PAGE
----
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Lions haven't made decision on Riley Reiff's fifth-year option

Why haven't the Detroit Lions made a decision on Riley Reiff's fifth-year option? Let's try to figure out their thought process.

Stew Milne-USA TODAY Sports

Last year, the Detroit Lions' decision to not pick up defensive tackle Nick Fairley's fifth-year option mainly revolved around the team's desire to motivate him. They wanted Fairley to get his career on track from an effort standpoint, and they also wanted him to stay in shape. Even with the option not being picked up, it took a preseason benching for the message to finally get through to Fairley, and an injury ended up cutting his season short anyway.

This year, the Lions have a decision to make on offensive tackle Riley Reiff's fifth-year option. Given the lack of motivational and injury concerns, you might think this decision is a no-brainer for the Lions, especially after watching Fairley depart as a free agent this offseason. That's not the case, though. In fact, the Lions have not yet made a decision on Reiff's option, according to general manager Martin Mayhew.

On the surface, it seems odd that the Lions aren't committing to picking up Reiff's fifth-year option. However, it's important to keep in mind that they have until May 3 to make a decision. In other words, they can wait to see how the 2015 NFL Draft plays out before making a final decision either way on Reiff. This could be important when you consider what Mayhew said about Reiff's position for 2015. From MLive:

"He's a heck of a good football player," Mayhew said of Reiff. "There's a lot of speculation about (whether) we're going to move him. I think he can play anywhere he wants to play, and play at a high level."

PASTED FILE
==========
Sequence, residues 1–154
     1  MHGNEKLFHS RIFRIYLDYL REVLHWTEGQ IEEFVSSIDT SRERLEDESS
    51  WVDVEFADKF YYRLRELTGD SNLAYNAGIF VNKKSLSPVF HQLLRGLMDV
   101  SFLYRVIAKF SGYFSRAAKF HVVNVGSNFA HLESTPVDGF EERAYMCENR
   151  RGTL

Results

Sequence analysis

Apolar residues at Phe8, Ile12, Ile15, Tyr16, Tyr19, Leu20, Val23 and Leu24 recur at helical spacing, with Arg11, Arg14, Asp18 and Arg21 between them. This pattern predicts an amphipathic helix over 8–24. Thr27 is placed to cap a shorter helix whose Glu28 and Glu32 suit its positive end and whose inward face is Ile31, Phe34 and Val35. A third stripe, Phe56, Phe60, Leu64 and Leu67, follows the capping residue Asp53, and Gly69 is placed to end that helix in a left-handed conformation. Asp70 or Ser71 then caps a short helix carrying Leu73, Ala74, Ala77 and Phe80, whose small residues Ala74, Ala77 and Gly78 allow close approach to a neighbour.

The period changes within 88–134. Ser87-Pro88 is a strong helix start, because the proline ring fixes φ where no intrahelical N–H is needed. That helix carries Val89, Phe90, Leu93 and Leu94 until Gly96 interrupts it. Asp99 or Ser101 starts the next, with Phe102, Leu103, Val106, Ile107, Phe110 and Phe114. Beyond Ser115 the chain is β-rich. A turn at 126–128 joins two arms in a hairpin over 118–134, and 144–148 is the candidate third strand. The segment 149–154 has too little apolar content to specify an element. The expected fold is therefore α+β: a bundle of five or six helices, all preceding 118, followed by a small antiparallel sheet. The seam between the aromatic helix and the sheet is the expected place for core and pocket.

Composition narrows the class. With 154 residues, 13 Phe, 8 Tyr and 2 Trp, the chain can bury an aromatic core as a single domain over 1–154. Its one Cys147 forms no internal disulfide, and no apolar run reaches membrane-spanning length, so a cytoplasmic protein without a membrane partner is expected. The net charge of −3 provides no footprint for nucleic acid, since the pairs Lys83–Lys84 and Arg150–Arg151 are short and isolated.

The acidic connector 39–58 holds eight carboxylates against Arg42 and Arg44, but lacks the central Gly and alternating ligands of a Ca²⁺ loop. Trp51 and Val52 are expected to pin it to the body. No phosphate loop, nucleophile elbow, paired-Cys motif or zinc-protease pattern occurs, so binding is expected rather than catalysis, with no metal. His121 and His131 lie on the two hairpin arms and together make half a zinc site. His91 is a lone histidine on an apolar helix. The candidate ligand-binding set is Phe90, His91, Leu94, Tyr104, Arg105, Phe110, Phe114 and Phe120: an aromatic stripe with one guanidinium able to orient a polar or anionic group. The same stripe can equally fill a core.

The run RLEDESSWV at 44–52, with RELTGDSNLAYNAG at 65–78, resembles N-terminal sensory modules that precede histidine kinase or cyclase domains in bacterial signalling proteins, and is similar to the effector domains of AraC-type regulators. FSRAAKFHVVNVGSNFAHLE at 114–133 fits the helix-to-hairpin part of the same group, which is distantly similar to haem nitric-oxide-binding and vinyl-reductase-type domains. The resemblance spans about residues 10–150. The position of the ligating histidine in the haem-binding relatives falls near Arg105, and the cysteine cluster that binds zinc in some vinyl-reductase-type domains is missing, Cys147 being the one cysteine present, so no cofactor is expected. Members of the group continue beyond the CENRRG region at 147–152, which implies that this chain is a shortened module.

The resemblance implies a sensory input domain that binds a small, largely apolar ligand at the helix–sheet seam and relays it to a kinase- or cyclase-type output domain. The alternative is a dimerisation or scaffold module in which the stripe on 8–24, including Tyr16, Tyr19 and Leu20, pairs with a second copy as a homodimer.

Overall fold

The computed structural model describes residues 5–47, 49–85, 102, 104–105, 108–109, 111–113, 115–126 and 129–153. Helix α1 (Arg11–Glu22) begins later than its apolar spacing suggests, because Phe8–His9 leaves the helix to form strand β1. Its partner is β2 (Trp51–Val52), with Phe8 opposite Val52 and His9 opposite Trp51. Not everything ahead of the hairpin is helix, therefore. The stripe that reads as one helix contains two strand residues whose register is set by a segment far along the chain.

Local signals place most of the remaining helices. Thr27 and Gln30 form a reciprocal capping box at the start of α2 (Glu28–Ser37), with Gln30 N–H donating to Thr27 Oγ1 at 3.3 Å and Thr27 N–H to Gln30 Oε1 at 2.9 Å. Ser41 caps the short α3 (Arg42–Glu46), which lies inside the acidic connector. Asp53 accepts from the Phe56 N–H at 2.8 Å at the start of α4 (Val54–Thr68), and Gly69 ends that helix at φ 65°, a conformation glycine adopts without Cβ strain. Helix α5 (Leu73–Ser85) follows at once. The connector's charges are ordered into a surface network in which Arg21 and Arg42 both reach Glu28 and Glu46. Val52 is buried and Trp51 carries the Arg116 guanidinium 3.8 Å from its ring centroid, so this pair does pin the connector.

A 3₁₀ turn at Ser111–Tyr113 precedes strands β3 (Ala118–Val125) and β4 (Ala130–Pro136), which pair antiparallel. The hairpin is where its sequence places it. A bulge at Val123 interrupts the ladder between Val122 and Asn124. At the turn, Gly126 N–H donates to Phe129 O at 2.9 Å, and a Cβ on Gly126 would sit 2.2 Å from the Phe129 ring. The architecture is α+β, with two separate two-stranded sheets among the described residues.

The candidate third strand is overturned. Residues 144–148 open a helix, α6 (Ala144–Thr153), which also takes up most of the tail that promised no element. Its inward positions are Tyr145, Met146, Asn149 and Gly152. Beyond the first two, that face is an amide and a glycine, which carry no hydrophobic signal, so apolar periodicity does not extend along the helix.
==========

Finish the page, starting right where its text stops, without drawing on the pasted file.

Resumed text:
In other words, why commit to a fifth year of Reiff at a cost of approximately $7.5 million before you have a good idea of where he is going to play on the offensive line this upcoming season. The cost of his option won't change based on where he starts, but his overall value could differ quite a bit depending on if he's at left tackle, left guard or right tackle.

The other factor here is that the Lions may want to simply work out a long-term deal with Reiff before it gets to the point where picking up his option is necessary. They can keep negotiating even if they do pick up his option, of course, but perhaps they want to sign him to an extension before they have to factor in $7.5 million for 2016.

In any case, I can't imagine a scenario where the Lions get to May 3 and ultimately decide against picking up Reiff's option. This is not a situation even remotely similar to the one with Fairley last year, and although Reiff hasn't played at a Pro Bowl level or anything like that as the Lions' left tackle, he has been pretty solid in that role.

Perhaps the Lions could get to 2016 and sign Reiff at a lesser price if they don't pick up his option, but why risk needing to find a new starter on the offensive line? Whether he's at left tackle, left guard or right tackle in 2015, there's no sense in potentially opening up a hole in your starting lineup when you can just pick up Reiff's option for $7.5 million and know that he's under contract for another two seasons. This is really a situation where common sense says the Lions should pick up Reiff's option. Hopefully in this case common sense will actually prevail for the Lions.

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After winning their first NFC North title in 30 years, the Lions have unfinished business this offseason. Stay updated with Jeremy Reisman through Pride of Detroit Direct, our newsletter offering up exclusive analysis. Sign up with NFCNORTH30 to get 30% off after your free trial.